The SABC office in Auckland Park, Johannesburg. Picture: SUNDAY TIMES
The SABC office in Auckland Park, Johannesburg. Picture: SUNDAY TIMES

The SABC continues to sink deeper into financial crisis and is now unable to pay some of its service providers and producers.

The crisis has affected key production houses that produce popular shows for the SABC.

SABC CEO Madoda Mxakwe confirmed during an interview on SABC News on Wednesday night that the public broadcaster was not in a position to meet some of its financial obligations.

"We are in a situation now where we are not even able to pay some of the content providers and I think it is important to note that we are looking [to ensure] … that we spend the limited resources we have responsibly to ensure that we keep the boat afloat," said Mxakwe.

The SABC has also failed to raise funding from financing institutions, while it awaits the outcome of its appeal to the Treasury for a R3bn guarantee.

Mxakwe said the broadcaster was looking at various immediate and long-term measures, including aggressive cost containment and diversifying revenue streams, to improve its dire financial situation.

"If you look at the evolution of our financials over the last three years, it is only now that it has hit a crisis point … but I also need to hasten to add that despite all of this, as an organisation, we are looking at immediate as well as long-term solutions to ensure that we turnaround this … we are fully aware that an SABC that is not financially viable: it is not only detrimental to us as employees, but it does affect the industry as well and the SMEs. We have accelerated our plans to ensure that we increase revenue generation and …we want to be more diversified," Mxakwe said.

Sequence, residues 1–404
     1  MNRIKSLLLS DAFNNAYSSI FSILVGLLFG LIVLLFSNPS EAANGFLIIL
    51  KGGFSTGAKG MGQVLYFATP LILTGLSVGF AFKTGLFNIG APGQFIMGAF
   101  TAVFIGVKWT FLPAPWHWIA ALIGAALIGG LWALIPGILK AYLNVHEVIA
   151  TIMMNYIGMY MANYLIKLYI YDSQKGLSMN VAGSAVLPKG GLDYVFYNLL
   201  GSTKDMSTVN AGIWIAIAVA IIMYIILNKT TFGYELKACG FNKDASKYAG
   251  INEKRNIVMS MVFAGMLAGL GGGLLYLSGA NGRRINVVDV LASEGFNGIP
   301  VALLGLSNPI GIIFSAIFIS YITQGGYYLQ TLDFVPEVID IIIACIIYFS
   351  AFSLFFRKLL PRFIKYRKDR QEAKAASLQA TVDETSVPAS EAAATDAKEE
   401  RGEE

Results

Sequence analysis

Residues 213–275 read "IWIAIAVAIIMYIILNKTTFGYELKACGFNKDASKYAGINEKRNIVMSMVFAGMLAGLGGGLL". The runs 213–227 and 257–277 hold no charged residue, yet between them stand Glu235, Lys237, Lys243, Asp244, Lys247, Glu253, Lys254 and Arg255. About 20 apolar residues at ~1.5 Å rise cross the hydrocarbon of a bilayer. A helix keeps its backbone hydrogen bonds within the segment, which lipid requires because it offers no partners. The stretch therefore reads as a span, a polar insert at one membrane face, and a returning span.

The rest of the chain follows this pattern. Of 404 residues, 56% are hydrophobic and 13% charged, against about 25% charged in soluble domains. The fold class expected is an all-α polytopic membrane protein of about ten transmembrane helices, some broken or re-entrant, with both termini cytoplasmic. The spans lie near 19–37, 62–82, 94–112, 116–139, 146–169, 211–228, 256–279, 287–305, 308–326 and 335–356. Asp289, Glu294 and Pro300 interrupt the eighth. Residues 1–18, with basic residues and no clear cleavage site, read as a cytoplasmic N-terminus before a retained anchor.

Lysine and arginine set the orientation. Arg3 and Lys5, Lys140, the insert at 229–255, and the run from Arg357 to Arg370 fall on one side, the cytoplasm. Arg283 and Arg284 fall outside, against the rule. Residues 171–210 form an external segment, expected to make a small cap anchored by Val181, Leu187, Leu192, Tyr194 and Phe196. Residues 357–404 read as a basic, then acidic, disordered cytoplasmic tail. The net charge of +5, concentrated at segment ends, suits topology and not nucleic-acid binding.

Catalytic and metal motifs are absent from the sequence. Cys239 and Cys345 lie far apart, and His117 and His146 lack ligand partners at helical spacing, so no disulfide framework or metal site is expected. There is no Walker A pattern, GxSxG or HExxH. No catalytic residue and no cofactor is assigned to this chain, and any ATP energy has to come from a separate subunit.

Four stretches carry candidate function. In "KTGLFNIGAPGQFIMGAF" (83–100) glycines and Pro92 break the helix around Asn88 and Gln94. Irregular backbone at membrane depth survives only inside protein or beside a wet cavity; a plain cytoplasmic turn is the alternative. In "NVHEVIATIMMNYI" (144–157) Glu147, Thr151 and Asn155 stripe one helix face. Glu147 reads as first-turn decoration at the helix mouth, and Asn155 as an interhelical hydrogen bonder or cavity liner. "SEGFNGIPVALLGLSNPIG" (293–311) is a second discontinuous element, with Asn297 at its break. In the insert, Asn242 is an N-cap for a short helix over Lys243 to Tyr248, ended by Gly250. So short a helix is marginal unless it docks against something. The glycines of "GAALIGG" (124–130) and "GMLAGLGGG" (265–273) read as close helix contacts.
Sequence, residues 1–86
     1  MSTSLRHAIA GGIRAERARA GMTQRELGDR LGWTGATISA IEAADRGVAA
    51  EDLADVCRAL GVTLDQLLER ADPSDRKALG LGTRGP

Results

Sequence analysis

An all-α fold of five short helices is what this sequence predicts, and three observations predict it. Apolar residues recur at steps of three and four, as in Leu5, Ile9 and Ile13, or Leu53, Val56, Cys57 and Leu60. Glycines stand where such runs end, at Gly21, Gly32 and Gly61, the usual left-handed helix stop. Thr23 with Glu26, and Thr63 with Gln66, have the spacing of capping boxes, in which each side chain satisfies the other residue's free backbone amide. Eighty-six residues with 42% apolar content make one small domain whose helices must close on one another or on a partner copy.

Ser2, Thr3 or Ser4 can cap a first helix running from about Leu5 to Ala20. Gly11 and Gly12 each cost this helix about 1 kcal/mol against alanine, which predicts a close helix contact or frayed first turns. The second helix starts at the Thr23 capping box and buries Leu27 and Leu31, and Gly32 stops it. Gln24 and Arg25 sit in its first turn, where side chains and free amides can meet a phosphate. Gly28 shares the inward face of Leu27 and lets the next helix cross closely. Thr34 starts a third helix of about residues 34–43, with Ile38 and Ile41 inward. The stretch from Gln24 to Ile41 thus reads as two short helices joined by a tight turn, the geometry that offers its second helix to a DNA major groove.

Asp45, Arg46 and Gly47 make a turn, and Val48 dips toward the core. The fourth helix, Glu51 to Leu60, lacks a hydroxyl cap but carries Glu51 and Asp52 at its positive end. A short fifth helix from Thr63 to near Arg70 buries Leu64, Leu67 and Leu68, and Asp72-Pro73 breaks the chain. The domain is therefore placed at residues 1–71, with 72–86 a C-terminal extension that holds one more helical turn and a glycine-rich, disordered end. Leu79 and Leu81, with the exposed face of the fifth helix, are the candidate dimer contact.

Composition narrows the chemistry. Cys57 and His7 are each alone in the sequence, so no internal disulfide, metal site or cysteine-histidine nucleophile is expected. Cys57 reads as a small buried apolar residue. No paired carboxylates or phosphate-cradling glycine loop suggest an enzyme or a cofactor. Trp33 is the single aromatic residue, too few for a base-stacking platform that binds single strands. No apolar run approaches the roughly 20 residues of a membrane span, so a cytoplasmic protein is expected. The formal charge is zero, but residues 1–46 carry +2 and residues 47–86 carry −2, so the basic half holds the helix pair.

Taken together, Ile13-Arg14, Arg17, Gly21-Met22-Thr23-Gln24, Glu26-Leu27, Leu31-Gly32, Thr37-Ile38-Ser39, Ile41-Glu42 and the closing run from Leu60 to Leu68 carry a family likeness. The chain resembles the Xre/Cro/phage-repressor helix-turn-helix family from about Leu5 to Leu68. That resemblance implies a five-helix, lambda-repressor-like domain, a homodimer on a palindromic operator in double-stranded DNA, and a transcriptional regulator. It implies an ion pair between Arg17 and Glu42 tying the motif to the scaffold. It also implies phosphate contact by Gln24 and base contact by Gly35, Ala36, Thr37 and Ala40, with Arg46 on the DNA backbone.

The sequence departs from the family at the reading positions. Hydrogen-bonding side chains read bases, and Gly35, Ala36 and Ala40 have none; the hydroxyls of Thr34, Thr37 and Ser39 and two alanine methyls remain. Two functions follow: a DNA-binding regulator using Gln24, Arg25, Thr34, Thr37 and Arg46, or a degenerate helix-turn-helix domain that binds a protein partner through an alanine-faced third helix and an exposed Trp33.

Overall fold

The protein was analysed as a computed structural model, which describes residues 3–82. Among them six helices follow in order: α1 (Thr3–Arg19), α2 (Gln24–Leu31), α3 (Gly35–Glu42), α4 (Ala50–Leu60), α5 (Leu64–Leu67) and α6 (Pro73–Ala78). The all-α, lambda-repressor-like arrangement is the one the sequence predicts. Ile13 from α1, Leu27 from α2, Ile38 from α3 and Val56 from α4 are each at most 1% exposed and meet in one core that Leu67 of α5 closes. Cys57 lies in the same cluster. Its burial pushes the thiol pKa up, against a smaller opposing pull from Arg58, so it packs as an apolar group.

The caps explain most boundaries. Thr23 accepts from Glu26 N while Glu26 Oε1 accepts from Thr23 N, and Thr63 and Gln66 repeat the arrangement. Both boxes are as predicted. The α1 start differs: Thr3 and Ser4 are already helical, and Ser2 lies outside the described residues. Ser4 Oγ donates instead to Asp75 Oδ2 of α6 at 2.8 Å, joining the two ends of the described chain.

The bulk of the SABC’s revenue (85%) is derived from advertising, sponsorships and other commercial partnerships. The broadcaster posted a R977m loss after tax in 2016-17.

DA MP and communications spokesperson Phumzile van Damme said on Thursday that "in the interest of transparency and openness, the SABC ought to have informed Parliament’s communications committee of its financial distress".

"As such, the DA will write to the chair of the communications committee, Humphrey Maxegwana, to request that the committee convene as a matter of urgency, in order to be briefed by the SABC on these latest revelations and to provide a plan of action on how they will resolve it.

"The financial crisis at the SABC has a direct impact on job security for many, as reports suggest that five production companies have been affected by the SABC’s failure to pay its bills. The SABC’s financial crisis has allegedly resulted in some producers having to take out loans to stay afloat…. If the SABC is to support the development of local television and music, it must make sure that they are paid, and on time. These are often struggling artists with families to feed, bills and employees to pay," Van Damme said.